Indecision gambles taxpayer dollars on the massive costs of capital procedures in what might be a non-capital case.
While Mr. Rombardo has been mulling the choice in this case, a total of eight attorneys have been appointed to represent the defendants. All are being paid at public expense. At public expense, defense investigators and expert witnesses have been hired.
Through Aug. 15, Carson City taxpayers have paid over $78,000 for the defense. But it’s worse than that. To date, not a single witness has testified and not a single piece of evidence has been presented to a jury.
In fact, a trial is still many months — and hundreds of thousands of dollars — away.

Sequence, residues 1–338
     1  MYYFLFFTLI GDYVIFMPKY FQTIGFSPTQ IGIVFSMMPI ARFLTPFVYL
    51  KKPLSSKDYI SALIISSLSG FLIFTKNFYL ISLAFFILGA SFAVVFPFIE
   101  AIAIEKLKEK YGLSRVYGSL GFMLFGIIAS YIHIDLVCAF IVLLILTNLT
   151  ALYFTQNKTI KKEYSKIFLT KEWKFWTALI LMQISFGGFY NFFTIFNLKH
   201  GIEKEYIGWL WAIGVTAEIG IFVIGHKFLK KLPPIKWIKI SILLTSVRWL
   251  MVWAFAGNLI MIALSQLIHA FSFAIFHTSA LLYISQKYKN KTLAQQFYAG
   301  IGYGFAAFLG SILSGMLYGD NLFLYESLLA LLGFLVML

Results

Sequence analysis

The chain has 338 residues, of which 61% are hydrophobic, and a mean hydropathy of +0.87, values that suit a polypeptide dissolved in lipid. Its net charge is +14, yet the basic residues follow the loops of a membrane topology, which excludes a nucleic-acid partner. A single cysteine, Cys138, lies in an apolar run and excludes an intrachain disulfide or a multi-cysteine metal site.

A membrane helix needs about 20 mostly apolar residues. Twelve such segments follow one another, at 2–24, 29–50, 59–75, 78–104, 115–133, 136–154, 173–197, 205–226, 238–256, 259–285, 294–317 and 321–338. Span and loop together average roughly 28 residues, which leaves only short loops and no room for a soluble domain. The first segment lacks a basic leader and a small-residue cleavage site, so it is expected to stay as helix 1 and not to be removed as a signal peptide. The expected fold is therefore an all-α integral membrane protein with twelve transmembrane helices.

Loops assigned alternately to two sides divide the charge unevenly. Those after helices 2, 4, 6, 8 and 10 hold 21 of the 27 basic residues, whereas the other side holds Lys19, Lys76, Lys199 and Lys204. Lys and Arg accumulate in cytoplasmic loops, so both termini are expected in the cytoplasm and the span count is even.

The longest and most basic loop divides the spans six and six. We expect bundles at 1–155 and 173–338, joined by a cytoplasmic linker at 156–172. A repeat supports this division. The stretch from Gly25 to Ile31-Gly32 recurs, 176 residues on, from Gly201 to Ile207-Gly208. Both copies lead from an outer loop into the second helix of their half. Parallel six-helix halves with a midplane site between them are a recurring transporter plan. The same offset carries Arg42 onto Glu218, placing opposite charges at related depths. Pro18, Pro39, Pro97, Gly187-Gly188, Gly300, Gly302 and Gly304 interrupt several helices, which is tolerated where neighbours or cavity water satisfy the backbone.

The potential waste of taxpayer money, though maddening, is not even the worst consequence of the district attorney’s indecisiveness. The D.A. might very well be painting himself into a corner, where he sees no choice but to pursue the death penalty rather than accepting responsibility for wasting hundreds of thousands of taxpayer dollars. And that is the real tragedy. The adage is true. Death is different. But the objective in a capital case is the same as every other case — justice. If these four ought to face the ultimate penalty for Mr. McCune’s murder, justice — not political necessity — should dictate that outcome.
Jason Woodbury is an attorney in Carson City. source http://www.nevadaappeal.com/news/opinion/7882483-113/death-penalty-case-capital
Carson City DA Neil Rombardo: A rush to judgement is a real cause for concern
The August 29, 2013 “opinion” questioning the District Attorney’s decision-making in a pending death penalty case reveals a lack of understanding of the criminal justice system.